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teristic of the event prefigured, as licly set forth, and by multitudes in some extraordinary, sudden, light- different nations owned and felt. It giving, world-arousing intervention was one in which, through the voice of the Lord Jesus for His own cause of the Reformers, He rebuked His and Church, there is not an event, usurping enemies, even as the Lion of from St. John's time even to the pre- the tribe of Judah ; and, both by it, sent, that can be shewn to answer to and by the providential overthrow of it, but the Reformation; while, on the the usurper's power in a tenth* of the other hand, not only does the Refor- Apostate City, did also assert His mation answer to the figure in this rights to this earth as His inheritance; respect, but there is not a particular and all in connexion with the opening in the vision of all we have just noted, of His own written word, that had in respect of which it did not answer, been so long neglected and forgotten; even to exactness. Sudden, unex- the republication, if I may so say, of pected, most extraordinary,- the hu- His Gospel. Finally, the auspicious man instrumentality employed so in- result of this deliverance of His Church adequate, and the results of such sur- and His religion was passing importance,- if ever

plished without fiery contentions, in the had the character stamped upon it, which the Divine power was maniabove others, of some direct interven- fested to discomfit the enemies of the tion of Divine Providence, this was truth, as it was said by Luther, in the one. Its most prominent charac- attending long afterwards to the effect teristic, as a religious revival, con- of his protestation against indulgensisted in its being one in which the ces, “This was to set the world on glory of the Lord Jesus, as the Light fire, and disturb the whole order of of the soul, the Sun of Righteousness, the universe." Jehovah our Justification, was pub

not

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event

IV.

SIMILITUDES. 1.

III. There is a beautiful opening amidst The blackthorn is early with its a gloomy sky. Retire, ye intrusive blossoms, but the fruit that it gives us clouds! and let me see in its full is sour and harsh. Let us not put our splendour that azure plain of which confidence in the first gay notions that you so jealously shew me only a part. spring up in our minds: the blossoms They do not retire : but can I com- of true wisdom may be more slow to plain, when they have grown golden appear, but they will bear rich fruit in the sun, and have exchanged their in their season. darkness for light? Neither let me complain of the sorrows of life, though The sea lies dark and heaving; and they leave me only a partial glimpse melancholy is the sound of its waves. of the serenity of heaven, while, though But the sun looks out upon it; and its slow to retire, they themselves are gloom brightens into azure, and its gilded with the promise of future murmurs now seem a festal song. glory.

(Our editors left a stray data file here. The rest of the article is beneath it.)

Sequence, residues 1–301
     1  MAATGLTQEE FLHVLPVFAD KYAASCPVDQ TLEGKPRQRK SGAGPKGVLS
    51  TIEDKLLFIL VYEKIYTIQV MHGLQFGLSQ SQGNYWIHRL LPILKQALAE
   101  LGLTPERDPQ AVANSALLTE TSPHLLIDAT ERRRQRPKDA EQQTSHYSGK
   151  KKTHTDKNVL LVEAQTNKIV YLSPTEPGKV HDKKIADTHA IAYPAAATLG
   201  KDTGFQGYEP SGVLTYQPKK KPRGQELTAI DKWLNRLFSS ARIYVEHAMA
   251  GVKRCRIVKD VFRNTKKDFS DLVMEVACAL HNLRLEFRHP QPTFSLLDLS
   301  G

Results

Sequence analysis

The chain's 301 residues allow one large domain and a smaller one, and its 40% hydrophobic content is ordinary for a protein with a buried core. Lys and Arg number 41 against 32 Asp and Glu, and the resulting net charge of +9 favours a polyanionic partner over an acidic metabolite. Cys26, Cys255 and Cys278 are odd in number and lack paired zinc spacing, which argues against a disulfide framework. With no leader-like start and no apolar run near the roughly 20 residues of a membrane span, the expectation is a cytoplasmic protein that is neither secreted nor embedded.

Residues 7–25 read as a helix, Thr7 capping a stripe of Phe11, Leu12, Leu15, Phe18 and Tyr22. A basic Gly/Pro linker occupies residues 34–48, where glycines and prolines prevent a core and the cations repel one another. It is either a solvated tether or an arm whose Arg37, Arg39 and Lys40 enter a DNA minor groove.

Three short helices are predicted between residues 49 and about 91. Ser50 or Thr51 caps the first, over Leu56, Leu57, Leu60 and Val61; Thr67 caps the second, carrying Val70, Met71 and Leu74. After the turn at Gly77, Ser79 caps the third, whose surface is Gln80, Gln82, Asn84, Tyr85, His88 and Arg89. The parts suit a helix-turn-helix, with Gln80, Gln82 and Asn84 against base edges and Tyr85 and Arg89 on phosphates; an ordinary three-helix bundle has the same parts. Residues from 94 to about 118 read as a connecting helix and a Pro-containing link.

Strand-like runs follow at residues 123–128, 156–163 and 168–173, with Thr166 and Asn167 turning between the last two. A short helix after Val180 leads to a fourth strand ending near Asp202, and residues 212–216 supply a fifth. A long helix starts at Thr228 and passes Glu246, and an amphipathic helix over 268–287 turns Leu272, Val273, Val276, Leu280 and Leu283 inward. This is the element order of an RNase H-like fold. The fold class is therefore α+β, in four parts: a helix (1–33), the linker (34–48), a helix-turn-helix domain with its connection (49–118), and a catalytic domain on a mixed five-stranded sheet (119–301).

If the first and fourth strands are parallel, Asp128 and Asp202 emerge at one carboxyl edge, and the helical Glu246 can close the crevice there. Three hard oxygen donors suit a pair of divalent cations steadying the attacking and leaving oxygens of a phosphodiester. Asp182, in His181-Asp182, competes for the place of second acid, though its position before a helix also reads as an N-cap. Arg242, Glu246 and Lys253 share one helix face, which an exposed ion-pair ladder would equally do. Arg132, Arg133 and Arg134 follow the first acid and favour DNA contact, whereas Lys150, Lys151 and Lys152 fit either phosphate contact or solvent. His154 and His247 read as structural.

Thus, () Sun of Righteousness! when II.

Thou shinest upon the troubled breast, Time has rent away huge fragments

its very sighs become songs of praise. from the cliff: but nature has covered

V. the wounds with mosses and flowers. Some minerals, which are soft and Thus over the wounds of the heart flexible in their native beds, become can religion cause to arise the spiri- • In Lev. xxvii. 30, we read, “ All the tithe tual flowers of evangelical graces,

of the land is the Lord's.” It was the quit rent,

if I may so say, in acknowledgment of His title resignation, peace, humility,--through to the whole. And thus, perhaps when a tenth which the character assumes a loveli.

was taken by Him of the city, the very proporness which it never possessed before.

tion may have indicated that it was an act asserting His right to all.

rigid and hard when exposed to the snares, and walking upon the battleopen air. Thus, how does the youth, ments of the city.” (Eccles. ix. 13.) who seemed soft-hearted and amiable

VII. while sheltered in the privacy of home

How clear and bright looks the sometimes become hardened and selfish when exposed to the influences

water in the rocky basin! Drop a of the outward world!

pebble into it, and it becomes im

mediately clouded with the impurities VI.

arising from the bottom. Ah! thus, How careful are we of our footing how does a sinful suggestion or a sudwhen walking on the edge of a pre- den temptation stir up the sediment cipice, and yet how heedless we fre- of our corrupt nature still lurking quently are of the moral dangers of within us ! One blessed Being only life, where it becomes us to remem

“ The prince of this world ber, we are going, “in the midst of cometh, and hath nothing in me.”.

M. N.

could say,

ness.

A PLEA FOR OPEN-AIR PREACHING. A LETTER ADDRESSED TO INCUMBENTS, BY THE Rev. J. H. TitcomB, M.A.

[Continued from page 128.] IV.- Ministerial responsibility de- racter,—How many persons live within mands it.

the precincts of the parish? We feel In taking up this branch of the that on the strict parochial theory of question, it will become me to speak the Church of England, this, and this with very much diffidence ; for the alone, is the true test of the magnitude last wish I have, is to appear as pub- of our ministerial responsibility. If lic censor of my brethren. At the our parishes be small

, so that our same time let us recollect that we are churches and school-rooms provide called to provoke one another to sufficient accommodation for the publove and good works,” (Heb. x. 24.) lic worship of all our parishioners, then I trust therefore that a word spoken we have no greater burden than that in all humility, for this great object, which is necessarily attendant on the will be received in brotherly kind- ordinary exercise of preaching and